Yesterday, the WSJ ran this article, which was a follow up to another earlier article. Article number one (the follow-up) took reader questions and posed them to Zvi Bodie for answers. Article number two (the original) was about the extent to which stocks don't become less risky with longer-time horizons. Stocks are riskier than we think is what Bodie would have us take away.
Zvi Bodie is a professor at Boston University and has done a lot of work on this. His bottom line, as I read him, is not that far away from Nassim Taleb's idea of putting 90% in t-bills from around the world and using the last 10% for risk taking. Instead of t-bills from around the world, Bodie likes TIPS and related inflation-linked products.
The logic is easy to understand and something we've talked about here before. Getting great returns for 20-30 years doesn't mean much if you get cut in half right before retirement (paraphrase from the WSJ article). The idea of stocks being less risky with a longer-time horizon stems from having more time to recover from a large loss and so the idea of stocks having more risk with a long-time horizon is tied to the idea of a large decline coming when you can least afford it.
The big drawback that I think I see with Bodie's idea is the consequence of forgoing the opportunity for growth with so much of the portfolio. If 60-70% in equities is "normal" for many people, then for anyone following Bodie's strategy, there would be 50-60% of the portfolio that would be giving up the opportunity for growth. Maybe I am missing something but that will have to be made up with a much higher savings rate and based on various studies published, we are collectively terrible savers.
As I have said before, there is something intellectually appealing about these sorts of alternative asset allocations but they may not be practical for people who cannot save 30% of their income, which is going to be most folks.
The stock market has an up year a little more than 70% of the time and the original article acknowledges that in the same sentence as saying but if you then lose half of it at the wrong time which is why I continue to believe that for most people having a normal portfolio while adhering to some sort of trigger point for taking defensive action makes the most sense.
On the way to going down a lot, the market is going to go through all sorts of potential trigger points. Having to alter retirement plans because your portfolio dropped by 50% a year or two before you plan to retire certainly would be a deathblow, but a 10% decline should only be an inconvenience.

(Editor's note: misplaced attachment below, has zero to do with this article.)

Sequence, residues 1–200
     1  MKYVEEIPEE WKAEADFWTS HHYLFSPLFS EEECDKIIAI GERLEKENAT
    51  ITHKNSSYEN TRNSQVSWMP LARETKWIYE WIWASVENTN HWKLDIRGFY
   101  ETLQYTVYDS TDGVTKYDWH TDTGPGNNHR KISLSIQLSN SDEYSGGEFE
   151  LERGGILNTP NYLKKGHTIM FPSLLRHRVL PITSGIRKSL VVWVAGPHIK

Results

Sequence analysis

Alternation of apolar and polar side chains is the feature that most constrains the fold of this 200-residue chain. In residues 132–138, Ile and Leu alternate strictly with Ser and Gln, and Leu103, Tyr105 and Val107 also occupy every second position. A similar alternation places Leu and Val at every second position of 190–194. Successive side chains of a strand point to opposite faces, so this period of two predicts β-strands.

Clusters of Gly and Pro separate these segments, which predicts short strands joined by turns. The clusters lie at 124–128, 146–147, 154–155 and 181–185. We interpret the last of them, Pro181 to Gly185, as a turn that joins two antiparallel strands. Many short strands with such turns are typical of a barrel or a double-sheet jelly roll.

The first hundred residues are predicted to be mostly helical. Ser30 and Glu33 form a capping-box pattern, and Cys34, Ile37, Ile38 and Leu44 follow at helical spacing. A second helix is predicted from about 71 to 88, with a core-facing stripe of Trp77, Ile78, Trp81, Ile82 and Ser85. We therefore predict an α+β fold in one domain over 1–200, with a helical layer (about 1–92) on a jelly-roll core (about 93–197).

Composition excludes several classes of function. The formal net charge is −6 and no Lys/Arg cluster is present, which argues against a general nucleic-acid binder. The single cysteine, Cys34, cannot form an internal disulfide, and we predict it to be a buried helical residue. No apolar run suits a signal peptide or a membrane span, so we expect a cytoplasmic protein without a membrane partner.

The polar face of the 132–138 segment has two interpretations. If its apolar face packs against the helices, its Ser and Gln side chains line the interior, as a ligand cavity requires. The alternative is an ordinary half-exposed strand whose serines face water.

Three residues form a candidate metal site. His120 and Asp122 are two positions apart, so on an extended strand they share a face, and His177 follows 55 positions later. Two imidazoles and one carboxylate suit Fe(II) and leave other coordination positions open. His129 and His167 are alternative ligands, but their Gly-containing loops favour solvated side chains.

On the surface, down 10% in a down 50% world might seem wildly optimistic but maybe not under the following scenario. I have been pretty clear over the years that zero in equities is a very large bet that I am not willing to make for clients but maybe it makes sense for someone who is very close to retirement to sell all of their equities upon a breach of their favored trigger point.
I've never thought about this before so bear with me as I work through this. For someone who is about to start taking an income from their portfolio, a 2008-like decline is very likely going to be life altering. However, the risk of selling out is that it was a head fake and the market rockets higher. So the choice becomes one of opportunity cost vs. a real loss.
Each person comes to that equation in their own way but of course someone could split the difference by getting very aggressive upon a breach of their trigger point (the context is a year or two from needing the money), like maybe selling down 50% of their equity exposure. The risks are the same but the consequences are potentially smaller.
Anyone who would do this would need to come back to equities at some point because they will still be in their 60s (probably), could easily live much longer and so need growth again, hopefully after the dust settles.
I will give this more thought, I'm not sure what I think of this idea.